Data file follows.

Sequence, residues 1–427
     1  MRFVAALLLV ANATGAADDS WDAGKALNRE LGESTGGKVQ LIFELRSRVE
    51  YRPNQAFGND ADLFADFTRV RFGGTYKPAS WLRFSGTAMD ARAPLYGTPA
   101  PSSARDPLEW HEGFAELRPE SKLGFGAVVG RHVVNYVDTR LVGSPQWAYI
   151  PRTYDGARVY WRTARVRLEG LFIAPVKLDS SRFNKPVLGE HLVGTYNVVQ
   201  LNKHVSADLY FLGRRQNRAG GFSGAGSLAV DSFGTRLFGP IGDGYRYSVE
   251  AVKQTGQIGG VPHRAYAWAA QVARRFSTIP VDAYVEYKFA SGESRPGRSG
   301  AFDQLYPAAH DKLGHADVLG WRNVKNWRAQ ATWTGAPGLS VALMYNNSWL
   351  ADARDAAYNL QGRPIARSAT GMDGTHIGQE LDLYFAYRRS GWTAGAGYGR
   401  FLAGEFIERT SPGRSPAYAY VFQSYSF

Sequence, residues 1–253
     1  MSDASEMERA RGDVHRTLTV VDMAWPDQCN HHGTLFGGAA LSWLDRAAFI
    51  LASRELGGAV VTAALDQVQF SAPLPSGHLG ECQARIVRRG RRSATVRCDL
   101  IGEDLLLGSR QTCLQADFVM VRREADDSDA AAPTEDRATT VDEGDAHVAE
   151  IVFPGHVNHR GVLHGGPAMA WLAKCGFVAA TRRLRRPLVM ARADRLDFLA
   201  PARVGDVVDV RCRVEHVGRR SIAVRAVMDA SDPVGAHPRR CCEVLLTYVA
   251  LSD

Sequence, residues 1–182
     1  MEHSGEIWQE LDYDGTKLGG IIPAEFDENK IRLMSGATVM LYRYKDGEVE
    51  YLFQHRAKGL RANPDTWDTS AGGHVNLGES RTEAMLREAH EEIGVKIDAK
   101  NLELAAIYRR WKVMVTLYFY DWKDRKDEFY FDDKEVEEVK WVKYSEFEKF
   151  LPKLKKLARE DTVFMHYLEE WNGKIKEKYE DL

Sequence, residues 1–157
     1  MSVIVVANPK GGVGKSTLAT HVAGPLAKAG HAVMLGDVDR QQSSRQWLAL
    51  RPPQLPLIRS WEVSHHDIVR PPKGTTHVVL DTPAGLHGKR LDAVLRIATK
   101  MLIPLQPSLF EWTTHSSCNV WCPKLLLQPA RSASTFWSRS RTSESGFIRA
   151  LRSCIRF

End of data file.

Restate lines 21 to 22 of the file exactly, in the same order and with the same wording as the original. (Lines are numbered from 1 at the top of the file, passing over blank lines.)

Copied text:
   101  NLELAAIYRR WKVMVTLYFY DWKDRKDEFY FDDKEVEEVK WVKYSEFEKF
   151  LPKLKKLARE DTVFMHYLEE WNGKIKEKYE DL